The Great Statesman Protects Marriage

by Carl Anderson

Today Thomas More is recognized as one of the great defenders of human dignity and the rights of human conscience. More had gained considerable fame and fortune as a lawyer in Tudor England. He became a great favorite of King Henry VIII, who bestowed generous grants of land on him and made him chancellor of England in 1529.

But More’s tenure on this pinnacle was short-lived, coinciding as it did with Henry’s break with the Catholic Church. Henry was married to Catherine of Aragon, but their union produced only one daughter. Henry, preoccupied with securing his own successor through a male heir, wanted his marriage to Catherine annulled. For this, he needed a papal dispensation,which the pope refused to grant.

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The next five years were marked by a widening rift between Henry and the Catholic Church, which culminated in Parliament’s passing of the Act of Supremacy in March 1534. The act asserted that “the King's Majesty justly and rightfully is and ought to be the supreme head of the Church of England.”  The measure also required English subjects to take an oath acknowledging the offspring of Henry and his new queen, Anne Boleyn, as the legitimate heir to the throne – thus acknowledging the legitimacy of Henry’s divorce.

During this period, More, while making every effort to avoid a confrontation with the king, remained firmly on the side of the Church. The Act of Succession imposed a fatal choice on him: he could either take the oath or risk indictment for treason. Choosing the second option, he was imprisoned in the Tower of London in April 1534. While in prison, More was subjected to pressure from all sides to change his mind, but he steadfastly refused. Finally, on July 1, 1535, he was formally charged with treason. He was promptly found guilty and was beheaded on July 6, 1535. Exactly four hundred years later, More was canonized by Pope Pius XI.  Simply yet profoundly, More set the standard for all those of the Christian faith who serve in government when he said just before his execution, “Tell the King, I die the King’s loyal servant, but God’s first.”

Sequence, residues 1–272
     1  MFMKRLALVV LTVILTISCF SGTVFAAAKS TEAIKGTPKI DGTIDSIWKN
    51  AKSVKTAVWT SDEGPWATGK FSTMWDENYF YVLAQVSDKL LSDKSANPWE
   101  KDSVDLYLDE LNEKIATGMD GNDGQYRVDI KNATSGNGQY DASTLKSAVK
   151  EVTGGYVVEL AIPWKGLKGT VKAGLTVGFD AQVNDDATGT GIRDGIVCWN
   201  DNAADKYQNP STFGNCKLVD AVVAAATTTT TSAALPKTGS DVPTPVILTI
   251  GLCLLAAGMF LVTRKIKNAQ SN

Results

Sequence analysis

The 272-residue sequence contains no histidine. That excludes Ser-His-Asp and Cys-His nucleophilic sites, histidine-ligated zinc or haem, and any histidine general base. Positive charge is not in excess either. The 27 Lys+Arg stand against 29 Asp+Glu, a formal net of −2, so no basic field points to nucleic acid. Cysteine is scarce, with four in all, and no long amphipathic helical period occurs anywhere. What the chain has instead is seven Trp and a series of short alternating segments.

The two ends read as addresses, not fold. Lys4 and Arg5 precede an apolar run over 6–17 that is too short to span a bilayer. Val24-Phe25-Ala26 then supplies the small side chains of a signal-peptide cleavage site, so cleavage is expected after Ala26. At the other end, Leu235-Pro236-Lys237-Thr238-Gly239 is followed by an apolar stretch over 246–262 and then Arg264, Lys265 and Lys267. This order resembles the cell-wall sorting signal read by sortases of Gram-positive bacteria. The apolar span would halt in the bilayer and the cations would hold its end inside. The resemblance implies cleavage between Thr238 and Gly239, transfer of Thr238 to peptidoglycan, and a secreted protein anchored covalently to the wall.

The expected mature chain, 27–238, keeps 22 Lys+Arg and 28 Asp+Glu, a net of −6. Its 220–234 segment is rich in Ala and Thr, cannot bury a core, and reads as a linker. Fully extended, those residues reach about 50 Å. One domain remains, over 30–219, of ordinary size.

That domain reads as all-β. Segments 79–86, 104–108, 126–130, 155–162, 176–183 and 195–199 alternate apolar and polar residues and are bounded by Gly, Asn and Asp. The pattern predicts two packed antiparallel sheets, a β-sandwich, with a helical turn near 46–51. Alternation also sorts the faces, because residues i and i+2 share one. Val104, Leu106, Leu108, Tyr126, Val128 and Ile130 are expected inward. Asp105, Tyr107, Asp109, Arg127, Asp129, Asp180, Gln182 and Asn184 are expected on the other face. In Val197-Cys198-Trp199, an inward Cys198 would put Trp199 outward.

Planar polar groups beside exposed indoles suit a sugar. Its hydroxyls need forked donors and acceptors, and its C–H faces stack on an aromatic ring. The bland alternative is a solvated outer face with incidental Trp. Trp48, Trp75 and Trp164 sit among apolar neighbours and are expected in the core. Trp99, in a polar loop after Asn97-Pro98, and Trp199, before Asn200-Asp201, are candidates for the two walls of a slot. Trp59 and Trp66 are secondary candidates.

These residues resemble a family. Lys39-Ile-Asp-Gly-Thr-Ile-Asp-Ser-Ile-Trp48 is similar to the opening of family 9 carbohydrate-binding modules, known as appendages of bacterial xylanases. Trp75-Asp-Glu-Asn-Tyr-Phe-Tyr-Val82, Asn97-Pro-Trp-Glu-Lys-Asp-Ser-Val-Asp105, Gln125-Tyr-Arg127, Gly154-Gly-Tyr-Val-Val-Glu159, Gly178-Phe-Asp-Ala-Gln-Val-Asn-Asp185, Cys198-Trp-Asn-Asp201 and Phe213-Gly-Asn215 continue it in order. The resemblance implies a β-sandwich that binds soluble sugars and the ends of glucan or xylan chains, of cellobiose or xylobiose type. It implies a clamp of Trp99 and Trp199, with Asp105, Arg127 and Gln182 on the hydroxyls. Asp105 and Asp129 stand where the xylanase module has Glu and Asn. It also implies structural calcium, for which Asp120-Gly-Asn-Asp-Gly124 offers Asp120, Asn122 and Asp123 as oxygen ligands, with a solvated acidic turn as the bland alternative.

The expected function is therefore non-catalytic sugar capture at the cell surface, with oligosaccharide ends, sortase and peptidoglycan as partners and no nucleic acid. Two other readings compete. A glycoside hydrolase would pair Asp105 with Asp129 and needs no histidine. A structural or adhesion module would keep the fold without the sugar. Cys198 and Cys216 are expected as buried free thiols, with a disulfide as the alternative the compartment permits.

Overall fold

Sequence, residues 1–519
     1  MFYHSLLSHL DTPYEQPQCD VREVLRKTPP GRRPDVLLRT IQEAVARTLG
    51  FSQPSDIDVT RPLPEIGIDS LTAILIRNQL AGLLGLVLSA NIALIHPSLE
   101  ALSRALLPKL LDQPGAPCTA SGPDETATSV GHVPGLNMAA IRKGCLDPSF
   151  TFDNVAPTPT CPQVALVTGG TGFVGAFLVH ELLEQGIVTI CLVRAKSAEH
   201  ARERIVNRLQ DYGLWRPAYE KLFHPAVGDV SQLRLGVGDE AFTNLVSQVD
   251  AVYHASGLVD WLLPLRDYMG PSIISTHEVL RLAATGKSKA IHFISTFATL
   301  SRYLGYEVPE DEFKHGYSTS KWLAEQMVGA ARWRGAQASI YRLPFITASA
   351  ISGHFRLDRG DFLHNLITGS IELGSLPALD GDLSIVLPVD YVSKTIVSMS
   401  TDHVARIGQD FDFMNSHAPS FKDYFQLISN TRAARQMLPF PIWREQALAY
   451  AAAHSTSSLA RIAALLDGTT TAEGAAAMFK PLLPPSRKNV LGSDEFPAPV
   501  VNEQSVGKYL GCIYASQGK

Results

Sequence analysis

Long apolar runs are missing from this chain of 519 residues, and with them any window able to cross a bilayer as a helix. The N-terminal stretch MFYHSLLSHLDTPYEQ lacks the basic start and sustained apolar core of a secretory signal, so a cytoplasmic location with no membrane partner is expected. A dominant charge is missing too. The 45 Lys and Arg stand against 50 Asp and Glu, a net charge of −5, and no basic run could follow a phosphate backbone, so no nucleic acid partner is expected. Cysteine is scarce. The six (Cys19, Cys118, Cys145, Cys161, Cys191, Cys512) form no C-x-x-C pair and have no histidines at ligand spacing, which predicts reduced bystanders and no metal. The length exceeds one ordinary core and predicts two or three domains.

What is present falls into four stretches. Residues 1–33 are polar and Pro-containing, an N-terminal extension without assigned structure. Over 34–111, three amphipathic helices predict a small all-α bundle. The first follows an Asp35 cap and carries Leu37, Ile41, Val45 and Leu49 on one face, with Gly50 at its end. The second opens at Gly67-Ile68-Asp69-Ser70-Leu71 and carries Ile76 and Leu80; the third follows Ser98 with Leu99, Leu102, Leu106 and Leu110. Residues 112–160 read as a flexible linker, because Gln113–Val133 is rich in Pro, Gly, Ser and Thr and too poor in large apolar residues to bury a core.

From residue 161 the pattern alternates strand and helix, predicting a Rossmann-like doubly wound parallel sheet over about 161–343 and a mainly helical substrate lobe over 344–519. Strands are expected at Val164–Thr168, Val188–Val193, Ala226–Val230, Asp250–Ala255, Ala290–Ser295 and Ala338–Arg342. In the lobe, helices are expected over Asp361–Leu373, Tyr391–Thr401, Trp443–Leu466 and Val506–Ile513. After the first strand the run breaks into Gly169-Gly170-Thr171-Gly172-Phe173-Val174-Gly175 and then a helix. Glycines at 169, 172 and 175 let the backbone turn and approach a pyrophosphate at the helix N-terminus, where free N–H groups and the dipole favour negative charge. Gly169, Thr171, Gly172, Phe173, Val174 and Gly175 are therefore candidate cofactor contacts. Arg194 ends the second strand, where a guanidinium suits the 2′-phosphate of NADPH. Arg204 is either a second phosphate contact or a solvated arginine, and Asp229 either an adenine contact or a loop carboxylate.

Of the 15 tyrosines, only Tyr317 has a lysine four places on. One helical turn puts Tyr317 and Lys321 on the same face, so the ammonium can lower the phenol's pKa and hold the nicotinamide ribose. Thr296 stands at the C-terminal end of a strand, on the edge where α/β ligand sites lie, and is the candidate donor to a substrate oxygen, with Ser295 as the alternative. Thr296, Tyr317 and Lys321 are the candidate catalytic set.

Everything we know about More tells us that he cared deeply for his family. One reason he sought so desperately to avoid a confrontation with the king was to protect them. Yet finally More was to sacrifice both his life and his family’s security for a principle that gave an eternal meaning and an eternal unity to his family: the sacramental nature of marriage. For in agreeing to the dissolution of the king’s marriage, there was also an implicit agreement to the possible dissolution of any marriage. This was a point that could not have been lost on a lawyer of More’s brilliance. Thus one of history’s great statesman and men of conscience went to his death for a principled defense of the sacramental unity of marriage.

Excerpted from A Civilization of Love (HarperOne, 2008) by Carl Anderson, Supreme Knight of the Knights of Columbus.

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